The world we are living in is changing every day. We surf future shock every morning when we get out of bed. And with every passing day we are increasingly asked: how do we have to change to live in the future we are faced with?

Whether it’s climate change, inundated coastlines and drowned cities; the cramped confines of a tin can hurtling through space to the outer reaches of our Solar System; or the rush of being uploaded into some cyberspace, our minds and bodies are going to have to change and change a lot. Meeting Infinity will be one hundred thousand words of SF filled with action and adventure that attempts to answer the question: how much do we need to change to meet tomorrow and live in the future? The incredible authors contributing tho this collection are: Gregory Benford, James S.A. Corey, Aliette de Bodard, Kameron Hurley, Simon Ings, Madeline Ashby, John Barnes, Gwyneth Jones, Nancy Kress, Yoon Ha Lee, Ian McDonald, Ramez Naam, An Owomoyela, Benjanun Sriduangkaew, Bruce Sterling and Sean Williams

The books of the “Infinity Project” trace an arc: from the present day into the far future, and now from the broad canvas of interstellar space to the most intimate space of all — ourselves.

Meeting Infinity will be published by Solaris on December 1, 2015. It is 272 pages, priced at $14.99 in trade paperback, and $8.99 for the digital edition.

Halloween Reads: The Best Spooky Short Fiction

Friday, October 30th, 2015 | Posted by Katharine Duckett

The Bloody Chamber-smallHalloween is upon us, and there’s no better way to get into the spirit than with some spooky short fiction. While I love candy, I’d rather have a holiday where people hand out their favorite creepy stories from their stoops and porches, so I’ve gathered my list of the recent releases I would give out this year here (if I had infinite funds and didn’t live in a third-floor walkup, that is). Instead of upsetting your dentist and risking a sugar high, I heartily recommend that you go forth and gorge on some wickedly delicious fiction this weekend!

The Bloody Chamber by Angela Carter: Carter is, of course, a seminal figure in speculative fiction and horror, and the recent edition of The Bloody Chamber: And Other Stories released in celebration of what would have been her 75th birthday reminds us all why. These dark fairytales still have a spine-tingling effect, no matter how often you read them: Kelly Link, who keeps a copy of The Bloody Chamber with her wherever she’s living, calls Carter’s writing “electrifying” in her introduction. I’m not sure I’ve ever read a tale as suspenseful and gory as “The Bloody Chamber,” and the mood and visceral images will haunt you hours after you’ve taken your eyes off the page.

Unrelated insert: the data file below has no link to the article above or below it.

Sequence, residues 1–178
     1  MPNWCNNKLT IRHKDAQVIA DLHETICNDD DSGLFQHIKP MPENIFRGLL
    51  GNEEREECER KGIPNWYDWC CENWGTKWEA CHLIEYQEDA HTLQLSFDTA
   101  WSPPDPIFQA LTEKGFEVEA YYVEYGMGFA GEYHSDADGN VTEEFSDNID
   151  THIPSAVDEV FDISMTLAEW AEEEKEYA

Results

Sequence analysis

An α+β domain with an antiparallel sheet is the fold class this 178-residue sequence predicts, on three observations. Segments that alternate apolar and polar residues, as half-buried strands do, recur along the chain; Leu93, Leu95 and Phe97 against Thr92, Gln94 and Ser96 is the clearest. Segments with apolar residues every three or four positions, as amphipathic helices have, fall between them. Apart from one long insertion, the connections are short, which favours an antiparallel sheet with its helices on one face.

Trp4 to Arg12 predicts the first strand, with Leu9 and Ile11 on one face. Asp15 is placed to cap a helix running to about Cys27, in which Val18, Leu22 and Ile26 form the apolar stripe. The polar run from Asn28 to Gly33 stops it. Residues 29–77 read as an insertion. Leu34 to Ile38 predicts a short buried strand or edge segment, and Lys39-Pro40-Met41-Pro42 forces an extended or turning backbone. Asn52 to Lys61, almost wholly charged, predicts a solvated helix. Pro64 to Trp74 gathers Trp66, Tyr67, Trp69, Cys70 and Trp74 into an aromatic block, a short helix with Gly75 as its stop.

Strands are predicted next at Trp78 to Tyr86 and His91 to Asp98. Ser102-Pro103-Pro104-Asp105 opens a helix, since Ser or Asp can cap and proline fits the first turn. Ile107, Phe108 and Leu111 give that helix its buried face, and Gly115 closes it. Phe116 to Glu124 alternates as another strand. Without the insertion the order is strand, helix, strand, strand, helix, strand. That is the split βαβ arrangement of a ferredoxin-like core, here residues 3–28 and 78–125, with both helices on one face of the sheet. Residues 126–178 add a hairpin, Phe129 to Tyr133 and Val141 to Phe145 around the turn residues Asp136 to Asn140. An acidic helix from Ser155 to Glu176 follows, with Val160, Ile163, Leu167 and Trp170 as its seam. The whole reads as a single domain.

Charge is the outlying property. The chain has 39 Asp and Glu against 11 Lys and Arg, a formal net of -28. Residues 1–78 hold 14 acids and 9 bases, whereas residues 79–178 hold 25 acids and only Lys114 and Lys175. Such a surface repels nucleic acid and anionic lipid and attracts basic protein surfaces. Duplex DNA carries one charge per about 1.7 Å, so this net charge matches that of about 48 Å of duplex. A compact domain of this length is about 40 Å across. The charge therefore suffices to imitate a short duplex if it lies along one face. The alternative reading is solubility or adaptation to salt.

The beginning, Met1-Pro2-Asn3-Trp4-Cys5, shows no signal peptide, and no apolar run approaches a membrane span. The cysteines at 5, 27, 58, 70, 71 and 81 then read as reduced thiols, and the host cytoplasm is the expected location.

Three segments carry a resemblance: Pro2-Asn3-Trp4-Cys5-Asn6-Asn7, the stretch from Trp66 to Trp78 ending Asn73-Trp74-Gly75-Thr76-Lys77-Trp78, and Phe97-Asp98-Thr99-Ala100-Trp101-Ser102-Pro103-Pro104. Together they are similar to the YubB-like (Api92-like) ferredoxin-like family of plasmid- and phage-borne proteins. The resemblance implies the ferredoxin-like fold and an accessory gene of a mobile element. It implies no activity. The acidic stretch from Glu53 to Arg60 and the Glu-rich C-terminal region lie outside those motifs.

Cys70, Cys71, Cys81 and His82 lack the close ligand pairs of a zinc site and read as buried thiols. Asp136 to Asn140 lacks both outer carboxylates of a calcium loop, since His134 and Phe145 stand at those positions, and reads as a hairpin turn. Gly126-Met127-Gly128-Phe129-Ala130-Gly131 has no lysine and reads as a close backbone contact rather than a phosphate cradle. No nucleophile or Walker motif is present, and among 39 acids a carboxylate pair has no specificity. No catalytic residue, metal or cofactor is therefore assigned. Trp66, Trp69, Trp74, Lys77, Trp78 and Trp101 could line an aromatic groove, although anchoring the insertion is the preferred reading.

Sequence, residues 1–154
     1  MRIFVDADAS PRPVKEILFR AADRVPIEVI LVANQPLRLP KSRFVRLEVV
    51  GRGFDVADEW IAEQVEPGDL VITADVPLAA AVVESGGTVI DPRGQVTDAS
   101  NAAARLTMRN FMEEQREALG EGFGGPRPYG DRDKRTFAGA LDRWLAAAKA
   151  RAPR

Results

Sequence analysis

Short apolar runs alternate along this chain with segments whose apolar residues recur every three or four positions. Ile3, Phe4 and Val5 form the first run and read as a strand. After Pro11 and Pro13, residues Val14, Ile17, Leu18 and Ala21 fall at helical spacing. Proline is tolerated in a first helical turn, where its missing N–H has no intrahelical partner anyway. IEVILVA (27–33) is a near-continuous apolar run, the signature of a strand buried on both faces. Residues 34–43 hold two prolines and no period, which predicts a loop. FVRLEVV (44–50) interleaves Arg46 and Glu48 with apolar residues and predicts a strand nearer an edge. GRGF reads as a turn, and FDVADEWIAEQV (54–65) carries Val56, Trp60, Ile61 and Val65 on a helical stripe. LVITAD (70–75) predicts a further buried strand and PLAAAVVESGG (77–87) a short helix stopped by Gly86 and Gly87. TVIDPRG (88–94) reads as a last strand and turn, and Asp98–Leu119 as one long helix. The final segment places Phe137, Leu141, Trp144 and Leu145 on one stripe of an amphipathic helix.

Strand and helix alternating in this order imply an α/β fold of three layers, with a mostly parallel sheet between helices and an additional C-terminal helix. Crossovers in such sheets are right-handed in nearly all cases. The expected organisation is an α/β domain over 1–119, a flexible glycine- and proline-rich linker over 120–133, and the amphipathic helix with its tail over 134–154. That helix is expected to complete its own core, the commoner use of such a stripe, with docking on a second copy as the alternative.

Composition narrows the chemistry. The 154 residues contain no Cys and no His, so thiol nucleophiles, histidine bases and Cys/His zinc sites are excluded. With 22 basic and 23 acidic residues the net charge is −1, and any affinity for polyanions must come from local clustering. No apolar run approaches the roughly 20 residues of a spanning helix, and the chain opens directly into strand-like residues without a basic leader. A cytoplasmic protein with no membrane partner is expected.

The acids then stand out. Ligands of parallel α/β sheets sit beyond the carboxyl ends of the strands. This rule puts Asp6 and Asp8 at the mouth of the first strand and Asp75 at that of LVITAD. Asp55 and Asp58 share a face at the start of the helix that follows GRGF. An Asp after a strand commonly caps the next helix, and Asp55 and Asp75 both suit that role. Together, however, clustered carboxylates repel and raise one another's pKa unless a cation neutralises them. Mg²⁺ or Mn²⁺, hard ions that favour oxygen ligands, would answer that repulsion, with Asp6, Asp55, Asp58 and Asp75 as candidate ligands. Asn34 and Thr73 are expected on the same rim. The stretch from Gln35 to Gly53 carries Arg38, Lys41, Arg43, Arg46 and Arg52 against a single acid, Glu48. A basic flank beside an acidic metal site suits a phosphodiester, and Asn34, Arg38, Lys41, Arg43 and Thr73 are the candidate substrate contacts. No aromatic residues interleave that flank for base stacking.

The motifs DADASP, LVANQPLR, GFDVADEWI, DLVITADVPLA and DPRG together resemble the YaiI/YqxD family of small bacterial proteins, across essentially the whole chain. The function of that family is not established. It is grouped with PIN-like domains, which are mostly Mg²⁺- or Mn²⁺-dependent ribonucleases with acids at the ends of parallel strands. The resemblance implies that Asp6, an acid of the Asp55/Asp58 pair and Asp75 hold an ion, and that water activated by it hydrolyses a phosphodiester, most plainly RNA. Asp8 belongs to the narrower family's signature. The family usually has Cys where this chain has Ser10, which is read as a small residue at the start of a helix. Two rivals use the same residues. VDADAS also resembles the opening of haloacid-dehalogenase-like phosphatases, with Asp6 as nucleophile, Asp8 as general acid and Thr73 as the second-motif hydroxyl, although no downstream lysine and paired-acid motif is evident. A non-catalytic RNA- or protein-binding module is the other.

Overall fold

Of Sorrow and Such by Angela Slatter: Another Angela who’s a master of dark fantasy and horror, Slatter has been sending shivers down readers’ spines with her short stories for years. Of Sorrow and Such takes place in Edda’s Meadow, where the witch Patience Gideon lives in peace with her adopted daughter, Gilly: until a wounded shapeshifter comes to their door, reviving old secrets and bringing new danger. It’s an ideal Halloween tale, filled with macabre magic, where the witches are by turns sympathetic and iron hearted, and where the evil of ordinary men proves the most dangerous threat of all.

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Six Sure-to-Succeed Sword and Sorcery Costumes

Friday, October 30th, 2015 | Posted by mariebilodeau

Barbarian cosplay 2-smallI love Hallowe’en. Little gouls running alongside little bumblebees, all demanding spoils from their neighbors… it truly is a magical time. But, as in any great holiday, the trick is not to become too complacent. There are no tiny Conans or Red Sonjas, or at least no critical mass of them. They certainly couldn’t take down the army of Iron Men and princesses. LET US CHANGE THIS! Bring back some trick-or-treating sword and sorcery cheer to this candy-laced night by wearing a classic and notable costume!

The Bloody Villager
The bell rings. Your neighbor opens it, smile wide, bowl of candy clasped in hand, when suddenly they spot a bloodied, soiled dude dragging himself to their door, begging for a piece of food, any food, while raving about attacking marauders. You neighbors won’t expect it. They might give you something better than candy, like a sandwich! They might just call the cops. Thing is, you won’t know until you try.

Chainmail Bikini Kevlar Mash Up
Kevlar-mail Bikini. Need I even explain why this is so cool? (For those in the more northern regions: frozen skin shade would go lovely with blue-tinged bikini.)